A history of working-class writing

■ Michael Pierse (ed.), A History of Irish Working-Class Writing (Cambridge University Press, 2018).

This is a book to be welcomed. It is the first study of such scope, attempting, as it does, to present and analyse the entire body of Irish working-class literature.

It begins with the first writings of rural workers in the eighteenth century and brings the reader right up to the present day. Twenty-two chapters examine various aspects of this seriously under-researched field of literature. The book attempts to give as comprehensive an overview as possible.

There is always a degree of reservation when working-class literature comes under the scrutiny of largely middle-class academics. How familiar are these academics with the working-class experience? How much of this experience will be grasped? How high-handed will they be in commenting on the literary production of the working class?

In the nineteenth and twentieth centuries there was an industrial proletariat in Ireland. However, in a predominantly agricultural economy such as Ireland’s the rural proletariat must also be included among working-class writers, as well as small farmers. The latter are what might be termed a peripheral group of the rural proletariat. Equally, there is an ever-increasing group of people living in precarious employment, and the unemployed.

Working-class authors must be read not merely in terms of their origins but also of how central this experience is to their writing, how aware they are of the inhuman and war-hungry system that exploits them, how their characters envisage their own emancipation and a better, more humane and peace-loving world.

One of the most striking omissions in the book is any recognition of working-class writing in Irish. There is no separate chapter on this, nor is there any serious inclusion of writers in Irish. We mention some of these here to indicate the seriousness of this exclusion. Mícheál Óg Ó Longáin (1766–1837), cowherder and labourer, later teacher and scribe, joined with the United Irishmen in their anti-colonial struggle. Neither is there any discussion of the twentieth-century literary giants Pádraic Ó Conaire, Máirtín Ó Cadhain, Dónall Mac Amhlaigh, or Máirtín Ó Direáin.

In the early chapters there is also a sense of insularity. Although the popularity of the radical Scottish poet Robert Burns among the working class in eighteenth and nineteenth-century Ireland is mentioned, there is no exploration of why that might have been so.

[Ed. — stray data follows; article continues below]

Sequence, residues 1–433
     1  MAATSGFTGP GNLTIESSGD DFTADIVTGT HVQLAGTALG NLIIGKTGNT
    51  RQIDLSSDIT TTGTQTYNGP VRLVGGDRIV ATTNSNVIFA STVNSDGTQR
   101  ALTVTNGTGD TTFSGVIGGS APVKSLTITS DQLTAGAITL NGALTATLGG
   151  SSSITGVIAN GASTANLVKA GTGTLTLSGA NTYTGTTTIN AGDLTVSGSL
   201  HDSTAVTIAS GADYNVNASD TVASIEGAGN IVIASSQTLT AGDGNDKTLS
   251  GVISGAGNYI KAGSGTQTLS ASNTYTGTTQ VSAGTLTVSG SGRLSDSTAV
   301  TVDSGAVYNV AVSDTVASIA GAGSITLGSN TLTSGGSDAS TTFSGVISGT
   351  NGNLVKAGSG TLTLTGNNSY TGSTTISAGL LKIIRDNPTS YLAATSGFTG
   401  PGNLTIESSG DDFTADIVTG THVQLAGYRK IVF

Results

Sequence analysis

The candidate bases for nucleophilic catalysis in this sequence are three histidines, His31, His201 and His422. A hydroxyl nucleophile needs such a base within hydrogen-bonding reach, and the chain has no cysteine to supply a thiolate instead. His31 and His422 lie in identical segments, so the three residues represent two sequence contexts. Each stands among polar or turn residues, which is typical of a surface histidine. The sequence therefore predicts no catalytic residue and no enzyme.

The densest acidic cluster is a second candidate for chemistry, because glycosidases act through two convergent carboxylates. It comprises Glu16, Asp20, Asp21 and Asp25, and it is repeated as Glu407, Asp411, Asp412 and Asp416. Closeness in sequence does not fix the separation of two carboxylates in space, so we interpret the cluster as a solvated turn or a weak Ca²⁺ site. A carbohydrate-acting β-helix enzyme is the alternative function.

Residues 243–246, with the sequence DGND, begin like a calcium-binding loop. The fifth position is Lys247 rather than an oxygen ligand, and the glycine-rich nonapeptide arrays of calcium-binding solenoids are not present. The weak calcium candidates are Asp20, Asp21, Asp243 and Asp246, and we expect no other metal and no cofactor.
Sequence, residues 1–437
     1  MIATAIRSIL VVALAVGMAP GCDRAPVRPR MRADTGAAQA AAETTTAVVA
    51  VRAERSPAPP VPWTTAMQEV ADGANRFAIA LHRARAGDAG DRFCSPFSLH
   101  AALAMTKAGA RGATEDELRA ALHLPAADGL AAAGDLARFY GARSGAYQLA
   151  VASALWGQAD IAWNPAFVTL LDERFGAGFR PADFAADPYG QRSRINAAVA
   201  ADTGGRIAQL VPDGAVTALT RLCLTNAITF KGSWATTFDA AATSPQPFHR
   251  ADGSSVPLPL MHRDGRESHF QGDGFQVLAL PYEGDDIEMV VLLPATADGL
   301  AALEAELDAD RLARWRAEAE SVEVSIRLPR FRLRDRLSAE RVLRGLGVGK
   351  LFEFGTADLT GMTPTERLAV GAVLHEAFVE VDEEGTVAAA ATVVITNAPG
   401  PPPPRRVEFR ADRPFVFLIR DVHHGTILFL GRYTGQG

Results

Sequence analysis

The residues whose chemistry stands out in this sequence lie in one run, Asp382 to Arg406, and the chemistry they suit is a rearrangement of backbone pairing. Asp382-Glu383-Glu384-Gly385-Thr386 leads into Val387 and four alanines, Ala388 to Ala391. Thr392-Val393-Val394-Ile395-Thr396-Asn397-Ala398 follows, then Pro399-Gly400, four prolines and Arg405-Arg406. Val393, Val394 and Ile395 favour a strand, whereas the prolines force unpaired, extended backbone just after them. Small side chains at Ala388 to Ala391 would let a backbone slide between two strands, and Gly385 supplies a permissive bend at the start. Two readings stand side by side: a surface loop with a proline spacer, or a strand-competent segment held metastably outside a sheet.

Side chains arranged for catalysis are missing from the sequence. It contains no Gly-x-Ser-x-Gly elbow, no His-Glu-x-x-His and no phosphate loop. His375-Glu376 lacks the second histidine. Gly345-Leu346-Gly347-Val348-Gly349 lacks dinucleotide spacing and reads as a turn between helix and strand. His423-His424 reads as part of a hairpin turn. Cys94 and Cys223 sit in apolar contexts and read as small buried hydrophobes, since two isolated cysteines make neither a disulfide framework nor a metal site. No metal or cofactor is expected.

Indeed the epochal upheaval of the American and French Revolutions, their unprecedented and hope-inspiring effect on the working class of all Europe with their promise of equality, comradeship, and liberty, are not part of the picture. Yet these events, along with the anti-colonial revolution in Haïti, were enormously significant in the development of the United Irishmen, who had mass support in Ireland and in the later years increasingly attracted working-class members.

Without such a historical context the writings of the working class lose the meaning they had at the time and for the authors.

Occasionally, the tone of an author towards the writer discussed comes across as patronising. The Ragged-Trousered Philanthropists by the Dublin-born Robert Tressell (Robert Noonan) is the first important working-class novel in English literature. This novel is discussed at different points in the study. In Michael Pierse’s own chapter he generalises to a degree that devalues the differentiated image of the working class presented by Tressell.

In chapters on working-class writers from the North of Ireland there are glaring exclusions of just such authors. The chapter entitled “Poetry and the working class in Northern Ireland” concentrates on Heaney, Mahon, and Longley. There is no reference to Ciarán Carson, bilingual son of a postal worker and highly regarded writer and translator of poetry in Irish and English. Neither are Danny Morrison, the poet Ciarán Carson’s novelist brother Brendan Carson, Sam McAughtry, or Ian Cochrane. Nor, strikingly, are the novels of Anna Burns, winner of the Man Booker Prize, mentioned, even in passing.

However, despite these significant shortcomings, A History of Irish Working-Class Writing is a very good starting-point for anybody who wishes to find out something about this important tradition. It highlights the importance of Seán O’Casey and Brendan Behan. It has collected many names and writings of working-class Irish writers in Ireland, Britain, the United States, Australia, and New Zealand. For this reason alone it is a significant resource.

This book proves that an independent archive of working-class writings must be set up to collect documents and manuscripts deemed unworthy of publication by commercial publishers. Only in this way will important records of working-class lives, such as their autobiographies, be collected as the statement of what the lives of so many were and are like.

This is an academic publication. Priced at £80, it is, ironically, beyond the means of the working class. Everybody with an interest in working–class writings as the voices of the marginalised and silenced should make sure their local library owns a copy for their readers.